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Facts of Life

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How might a parent field questions about pregnancy from a young child?

Q: I'm pregnant with our second child, which has raised all sorts of questions for our daughter, who just turned 5. Her questions include, "How did the baby get in your tummy?" and "How does it get out?" I think too much information is not good for kids this age, but what's appropriate? Is it OK to tell her things consistent with our very conservative values?

It is absolutely right and proper for you to make your family's values clear to your daughter. These days, when people talk about bonding, they're referring to an emotional bond between parent and a young child. But the importance of bonding doesn't end there. That primary attachment is prerequisite to a child looking "up" to and bonding with his or her parents' value system, their definitions of right versus wrong.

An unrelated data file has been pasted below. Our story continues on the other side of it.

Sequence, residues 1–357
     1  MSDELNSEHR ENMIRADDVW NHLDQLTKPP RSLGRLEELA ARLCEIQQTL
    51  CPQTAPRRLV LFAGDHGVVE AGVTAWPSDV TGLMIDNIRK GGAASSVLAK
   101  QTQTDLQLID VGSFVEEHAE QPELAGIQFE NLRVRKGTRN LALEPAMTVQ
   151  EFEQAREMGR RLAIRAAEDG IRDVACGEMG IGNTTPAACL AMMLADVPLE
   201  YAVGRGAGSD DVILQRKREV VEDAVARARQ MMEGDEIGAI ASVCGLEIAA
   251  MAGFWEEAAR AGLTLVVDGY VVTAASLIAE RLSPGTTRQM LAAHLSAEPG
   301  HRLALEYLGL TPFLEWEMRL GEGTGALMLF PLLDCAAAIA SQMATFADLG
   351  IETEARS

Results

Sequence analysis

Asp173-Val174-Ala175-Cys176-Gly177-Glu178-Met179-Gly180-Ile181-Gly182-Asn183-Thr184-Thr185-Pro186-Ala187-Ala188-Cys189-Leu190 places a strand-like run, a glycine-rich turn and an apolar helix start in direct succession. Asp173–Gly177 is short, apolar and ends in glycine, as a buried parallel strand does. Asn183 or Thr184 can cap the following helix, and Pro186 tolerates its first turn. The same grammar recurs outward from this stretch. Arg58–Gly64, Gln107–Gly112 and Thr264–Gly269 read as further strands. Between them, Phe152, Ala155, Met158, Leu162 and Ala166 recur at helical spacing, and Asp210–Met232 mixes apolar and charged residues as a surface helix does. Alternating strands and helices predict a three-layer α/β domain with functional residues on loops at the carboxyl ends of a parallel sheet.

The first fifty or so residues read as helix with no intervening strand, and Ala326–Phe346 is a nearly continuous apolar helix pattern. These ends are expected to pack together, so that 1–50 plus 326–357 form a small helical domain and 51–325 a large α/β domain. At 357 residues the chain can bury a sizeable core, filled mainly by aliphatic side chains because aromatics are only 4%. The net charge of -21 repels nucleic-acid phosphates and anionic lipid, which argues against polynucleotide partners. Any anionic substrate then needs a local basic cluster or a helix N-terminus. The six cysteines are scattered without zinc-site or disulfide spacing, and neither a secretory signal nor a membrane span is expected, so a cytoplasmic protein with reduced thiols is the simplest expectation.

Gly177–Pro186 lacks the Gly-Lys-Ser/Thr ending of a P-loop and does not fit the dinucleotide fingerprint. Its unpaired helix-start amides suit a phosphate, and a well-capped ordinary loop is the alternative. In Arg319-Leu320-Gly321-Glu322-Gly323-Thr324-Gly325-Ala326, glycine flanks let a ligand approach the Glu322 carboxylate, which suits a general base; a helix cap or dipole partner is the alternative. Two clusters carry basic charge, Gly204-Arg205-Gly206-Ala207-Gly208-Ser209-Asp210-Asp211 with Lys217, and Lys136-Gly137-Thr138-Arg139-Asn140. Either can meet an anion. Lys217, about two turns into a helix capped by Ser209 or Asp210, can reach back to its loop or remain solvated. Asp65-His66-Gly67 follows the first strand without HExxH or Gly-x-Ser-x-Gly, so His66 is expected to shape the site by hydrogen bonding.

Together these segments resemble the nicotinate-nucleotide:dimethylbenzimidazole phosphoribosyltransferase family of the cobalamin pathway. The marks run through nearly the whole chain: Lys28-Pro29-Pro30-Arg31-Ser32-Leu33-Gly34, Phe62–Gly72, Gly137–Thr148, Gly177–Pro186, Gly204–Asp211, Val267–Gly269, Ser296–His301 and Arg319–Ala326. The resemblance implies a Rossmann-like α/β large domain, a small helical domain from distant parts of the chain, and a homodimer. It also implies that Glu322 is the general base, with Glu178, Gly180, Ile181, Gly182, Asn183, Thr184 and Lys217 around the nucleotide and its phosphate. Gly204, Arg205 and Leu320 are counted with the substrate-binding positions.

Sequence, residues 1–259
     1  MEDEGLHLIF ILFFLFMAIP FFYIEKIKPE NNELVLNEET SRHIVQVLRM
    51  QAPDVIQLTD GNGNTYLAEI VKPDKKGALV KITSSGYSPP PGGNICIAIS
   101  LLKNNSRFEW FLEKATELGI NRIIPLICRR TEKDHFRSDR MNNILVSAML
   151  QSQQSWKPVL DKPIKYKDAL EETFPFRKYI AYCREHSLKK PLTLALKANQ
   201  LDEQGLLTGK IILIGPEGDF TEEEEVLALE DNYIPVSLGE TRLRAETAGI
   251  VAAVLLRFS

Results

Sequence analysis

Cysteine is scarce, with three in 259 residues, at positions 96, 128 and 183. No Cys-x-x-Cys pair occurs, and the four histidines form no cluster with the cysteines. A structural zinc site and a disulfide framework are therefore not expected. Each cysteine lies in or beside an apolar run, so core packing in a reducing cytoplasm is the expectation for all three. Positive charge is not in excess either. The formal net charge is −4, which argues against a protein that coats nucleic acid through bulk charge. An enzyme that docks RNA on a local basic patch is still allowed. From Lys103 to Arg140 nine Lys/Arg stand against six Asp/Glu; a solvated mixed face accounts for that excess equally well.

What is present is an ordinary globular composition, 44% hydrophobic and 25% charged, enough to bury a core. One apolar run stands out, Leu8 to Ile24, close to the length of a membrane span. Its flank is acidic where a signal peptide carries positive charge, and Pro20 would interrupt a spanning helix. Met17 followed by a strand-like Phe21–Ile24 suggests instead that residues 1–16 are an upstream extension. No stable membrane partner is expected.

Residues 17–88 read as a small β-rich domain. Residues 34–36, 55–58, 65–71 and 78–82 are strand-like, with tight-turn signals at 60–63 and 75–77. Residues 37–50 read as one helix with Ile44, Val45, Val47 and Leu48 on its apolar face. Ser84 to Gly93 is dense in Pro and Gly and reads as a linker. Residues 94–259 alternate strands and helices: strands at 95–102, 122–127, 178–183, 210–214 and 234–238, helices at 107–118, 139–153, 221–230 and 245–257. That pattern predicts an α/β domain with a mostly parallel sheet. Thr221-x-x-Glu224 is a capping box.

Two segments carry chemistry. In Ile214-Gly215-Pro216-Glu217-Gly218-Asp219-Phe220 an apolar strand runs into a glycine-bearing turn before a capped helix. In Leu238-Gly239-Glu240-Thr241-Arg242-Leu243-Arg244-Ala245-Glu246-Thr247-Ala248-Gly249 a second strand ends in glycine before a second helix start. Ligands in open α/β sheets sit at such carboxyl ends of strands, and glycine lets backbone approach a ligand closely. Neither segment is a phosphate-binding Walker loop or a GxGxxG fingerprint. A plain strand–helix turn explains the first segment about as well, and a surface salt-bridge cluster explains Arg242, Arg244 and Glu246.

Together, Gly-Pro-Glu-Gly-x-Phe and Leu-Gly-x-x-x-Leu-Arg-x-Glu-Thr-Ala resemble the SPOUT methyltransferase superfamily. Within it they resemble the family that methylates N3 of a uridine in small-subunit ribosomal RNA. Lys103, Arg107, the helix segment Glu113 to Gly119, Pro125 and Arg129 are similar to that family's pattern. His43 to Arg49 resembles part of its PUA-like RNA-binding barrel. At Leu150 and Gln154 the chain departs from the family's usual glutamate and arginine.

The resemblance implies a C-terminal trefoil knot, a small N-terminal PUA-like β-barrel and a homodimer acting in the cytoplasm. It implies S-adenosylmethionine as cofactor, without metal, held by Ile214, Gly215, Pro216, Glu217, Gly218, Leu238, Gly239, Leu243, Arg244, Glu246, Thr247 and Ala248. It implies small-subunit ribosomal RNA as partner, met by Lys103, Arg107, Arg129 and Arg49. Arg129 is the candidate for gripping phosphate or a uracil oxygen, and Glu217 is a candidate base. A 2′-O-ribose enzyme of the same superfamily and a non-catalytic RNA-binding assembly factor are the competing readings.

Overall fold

Very few parenting professionals talk about this "second level" bond, but it's vital to the child's developing a sense of family loyalty as well as the child's successful socialization (assuming the parents' values are in fact pro-social).

As for specific answers to her questions, I agree that too much information is not only unnecessary, but can also be confusing, even anxiety-arousing for a child this age. Keep your answers simple and basic. For example, in answer to her question about the baby in your tummy, you can say, "A man and a woman get married and they love each other and their love makes a baby." That's about as deep as you need to get with a 5-year-old.

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